Intraductal Papillary Neoplasm of the Bile Duct (IPN): Clinicopathologic Study of 39 Cases in Comparison to Pancreatic Intraductal Papillary Mucinous Neoplasm (IPMN) in a Single North American Institution.
Hwajeong Lee, Flavio G Rocha, David S Klimstra, Gloria Q Young, William R Jarnagin, Nora Katabi. Memorial Sloan Kettering Cancer Center, New York, NY
Background: Biliary Intraductal Papillary Neoplasm (IPN) is the least common subtype of bile duct tumor. Despite controversies on nomenclature and classification, IPN is relatively well-documented in Asia and is considered analogous to pancreatic IPMN by some authors. Comparative studies of IPN with detailed clinical and histologic data are lacking in North American populations.
Design: We identified 39 cases of IPN (1993-2010) and randomly selected 44 cases of IPMN for comparison. Clinicopathologic features were analyzed in both cohorts and survival analysis was performed for IPN in relation to the pathologic parameters. Immunohistochemical (IHC) stains were performed on 33 IPNs.
Results: 39 IPNs were identified among 343 biliary carcinomas (11%), including 23 hilar, 4 intrahepatic and 12 distal bile duct primaries. Mean size was 4.5 cm. 1 case was associated with hepatolithiasis. 69% of IPNs were of pancreatobiliary (PB) type and the remainder were oncocytic (ONC, 15%), gastric (GAS, 10%) and intestinal (INT, 5%) types. All IPNs showed high grade dysplasia and had a predominant papillary architecture in 80%. Invasive carcinoma was present in 74% (90% tubular pattern, 10% colloid) and the invasive component was >10% of the tumor volume in 55%. The IPMNs were more commonly GAS (43%) and INT (29%) types. PB type comprised only 9% of IPMNs. High grade dysplasia and invasive carcinoma were less frequent in IPMNs, 57% and 20% respectively, and >30% of invasive carcinomas were colloid type. CK7 was pos in 88% of IPNs. INT (n=2) were pos for CK20 (2), CDX2 (2) and MUC2 (1). PB (n=23) were pos for MUC1 (22), MUC6 (11), and MUC5AC (6). ONC (n=5) were pos for MUC6 (4), MUC1 (3), MUC5AC (5), and HepPar1 (5). GAS (n=3) were pos for MUC1 (3), MUC5AC (2), and MUC6 (3). Expression of mesothelin, CEA, B72.3, and CA125 was not different between the epithelial types. The IHC profile of epithelial types in IPNs was similar to that reported for pancreatic IPMNs. The presence and depth of invasion (>5mm), margin status, and MUC1 immunolabeling were associated with worse median survival (p<0.05).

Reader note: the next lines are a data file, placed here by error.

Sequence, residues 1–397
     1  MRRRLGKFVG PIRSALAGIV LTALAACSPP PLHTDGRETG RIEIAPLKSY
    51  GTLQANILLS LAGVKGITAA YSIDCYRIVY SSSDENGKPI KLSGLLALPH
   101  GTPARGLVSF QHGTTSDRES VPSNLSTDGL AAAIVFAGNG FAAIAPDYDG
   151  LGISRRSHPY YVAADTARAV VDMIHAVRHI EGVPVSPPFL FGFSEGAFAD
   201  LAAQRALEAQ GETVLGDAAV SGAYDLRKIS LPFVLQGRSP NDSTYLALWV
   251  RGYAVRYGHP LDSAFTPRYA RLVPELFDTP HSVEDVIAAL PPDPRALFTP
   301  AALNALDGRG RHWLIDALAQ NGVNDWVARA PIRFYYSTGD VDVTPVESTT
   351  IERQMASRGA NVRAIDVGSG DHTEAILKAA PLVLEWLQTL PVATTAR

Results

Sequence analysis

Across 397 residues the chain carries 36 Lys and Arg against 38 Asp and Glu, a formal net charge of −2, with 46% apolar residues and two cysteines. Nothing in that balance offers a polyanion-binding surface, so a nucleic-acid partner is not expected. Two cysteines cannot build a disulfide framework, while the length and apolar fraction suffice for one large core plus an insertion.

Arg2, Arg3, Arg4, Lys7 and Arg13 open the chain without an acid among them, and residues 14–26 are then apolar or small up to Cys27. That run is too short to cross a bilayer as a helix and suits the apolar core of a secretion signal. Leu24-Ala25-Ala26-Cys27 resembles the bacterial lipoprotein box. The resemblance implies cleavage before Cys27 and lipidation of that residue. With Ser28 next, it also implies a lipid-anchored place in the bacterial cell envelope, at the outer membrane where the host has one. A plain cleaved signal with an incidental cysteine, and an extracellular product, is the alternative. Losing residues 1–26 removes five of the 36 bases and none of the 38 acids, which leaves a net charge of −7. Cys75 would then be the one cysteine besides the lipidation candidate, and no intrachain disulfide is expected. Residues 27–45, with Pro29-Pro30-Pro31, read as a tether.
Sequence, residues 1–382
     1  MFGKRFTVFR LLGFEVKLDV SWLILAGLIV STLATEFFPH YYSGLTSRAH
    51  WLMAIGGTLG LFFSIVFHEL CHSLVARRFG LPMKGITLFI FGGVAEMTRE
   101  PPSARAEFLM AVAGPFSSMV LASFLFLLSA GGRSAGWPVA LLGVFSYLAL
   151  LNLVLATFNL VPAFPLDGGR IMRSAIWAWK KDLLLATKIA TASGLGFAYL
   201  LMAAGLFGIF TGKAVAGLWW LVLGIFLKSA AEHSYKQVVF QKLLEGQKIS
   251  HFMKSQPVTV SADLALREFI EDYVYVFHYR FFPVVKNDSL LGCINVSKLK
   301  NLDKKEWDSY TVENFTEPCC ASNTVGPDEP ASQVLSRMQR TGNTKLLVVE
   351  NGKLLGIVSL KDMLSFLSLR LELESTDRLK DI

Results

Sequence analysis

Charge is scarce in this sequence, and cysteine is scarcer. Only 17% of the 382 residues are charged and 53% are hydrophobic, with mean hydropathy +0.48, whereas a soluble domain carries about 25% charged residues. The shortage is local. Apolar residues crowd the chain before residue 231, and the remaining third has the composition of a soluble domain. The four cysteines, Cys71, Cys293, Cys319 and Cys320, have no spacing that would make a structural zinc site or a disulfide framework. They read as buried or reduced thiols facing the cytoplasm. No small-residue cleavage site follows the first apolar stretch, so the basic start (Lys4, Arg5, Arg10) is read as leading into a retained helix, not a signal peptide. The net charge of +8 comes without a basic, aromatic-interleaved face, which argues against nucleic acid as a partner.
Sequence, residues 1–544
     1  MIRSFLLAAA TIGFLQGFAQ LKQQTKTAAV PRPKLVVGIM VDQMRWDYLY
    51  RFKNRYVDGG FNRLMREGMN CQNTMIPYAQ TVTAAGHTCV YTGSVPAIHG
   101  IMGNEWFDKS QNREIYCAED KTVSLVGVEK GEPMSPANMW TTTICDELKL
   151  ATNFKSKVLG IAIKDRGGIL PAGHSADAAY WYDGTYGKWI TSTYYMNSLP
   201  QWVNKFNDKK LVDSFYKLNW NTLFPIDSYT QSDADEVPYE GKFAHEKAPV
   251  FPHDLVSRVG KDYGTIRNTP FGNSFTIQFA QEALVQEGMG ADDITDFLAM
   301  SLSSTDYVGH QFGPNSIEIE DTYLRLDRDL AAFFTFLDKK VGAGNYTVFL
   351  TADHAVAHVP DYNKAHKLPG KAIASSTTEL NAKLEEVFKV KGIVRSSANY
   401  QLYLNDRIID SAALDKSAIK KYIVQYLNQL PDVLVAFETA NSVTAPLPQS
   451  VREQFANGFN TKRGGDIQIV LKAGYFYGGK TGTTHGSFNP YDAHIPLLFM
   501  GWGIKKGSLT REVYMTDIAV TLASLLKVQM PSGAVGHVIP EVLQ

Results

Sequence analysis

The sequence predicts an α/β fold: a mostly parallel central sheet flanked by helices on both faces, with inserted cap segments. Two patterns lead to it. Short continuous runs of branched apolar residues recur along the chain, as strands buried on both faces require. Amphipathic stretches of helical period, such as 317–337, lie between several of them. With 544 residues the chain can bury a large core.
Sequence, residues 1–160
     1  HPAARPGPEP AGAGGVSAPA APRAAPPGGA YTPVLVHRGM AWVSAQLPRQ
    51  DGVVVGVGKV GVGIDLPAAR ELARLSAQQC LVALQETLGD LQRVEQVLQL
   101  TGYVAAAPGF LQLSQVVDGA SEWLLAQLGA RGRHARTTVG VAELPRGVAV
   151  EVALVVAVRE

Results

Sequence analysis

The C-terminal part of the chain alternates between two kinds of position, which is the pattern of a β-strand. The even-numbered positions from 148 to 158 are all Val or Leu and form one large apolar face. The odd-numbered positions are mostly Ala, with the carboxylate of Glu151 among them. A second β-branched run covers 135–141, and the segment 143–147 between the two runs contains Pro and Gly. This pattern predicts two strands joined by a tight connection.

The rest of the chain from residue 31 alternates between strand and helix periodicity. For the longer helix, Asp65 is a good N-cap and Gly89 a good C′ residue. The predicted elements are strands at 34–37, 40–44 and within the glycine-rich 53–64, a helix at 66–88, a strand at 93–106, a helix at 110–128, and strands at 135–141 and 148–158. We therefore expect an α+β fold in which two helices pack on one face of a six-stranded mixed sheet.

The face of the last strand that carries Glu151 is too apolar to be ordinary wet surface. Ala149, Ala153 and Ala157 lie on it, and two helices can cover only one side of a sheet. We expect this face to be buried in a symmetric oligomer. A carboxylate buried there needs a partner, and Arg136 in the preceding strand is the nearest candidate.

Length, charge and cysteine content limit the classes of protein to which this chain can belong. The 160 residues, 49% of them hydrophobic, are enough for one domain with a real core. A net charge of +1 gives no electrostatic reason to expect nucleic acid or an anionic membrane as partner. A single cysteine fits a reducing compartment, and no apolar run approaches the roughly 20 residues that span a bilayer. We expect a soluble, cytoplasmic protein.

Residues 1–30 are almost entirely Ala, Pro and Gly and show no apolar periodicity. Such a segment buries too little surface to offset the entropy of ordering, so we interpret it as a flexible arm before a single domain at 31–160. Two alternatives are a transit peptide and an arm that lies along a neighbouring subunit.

Conclusions: IPN in the North Americans appears to have no obvious risk factors. Although there is some morphologic overlap with pancreatic IPMNs, the majority of IPNs have a pancreatobiliary phenotype and are invasive at diagnosis, indicative of a distinct carcinogenesis and more aggressive behavior than IPMNs.
Category: Liver & Pancreas
Monday, February 28, 2011 1:30 PM
Platform Session: Section D, Monday Afternoon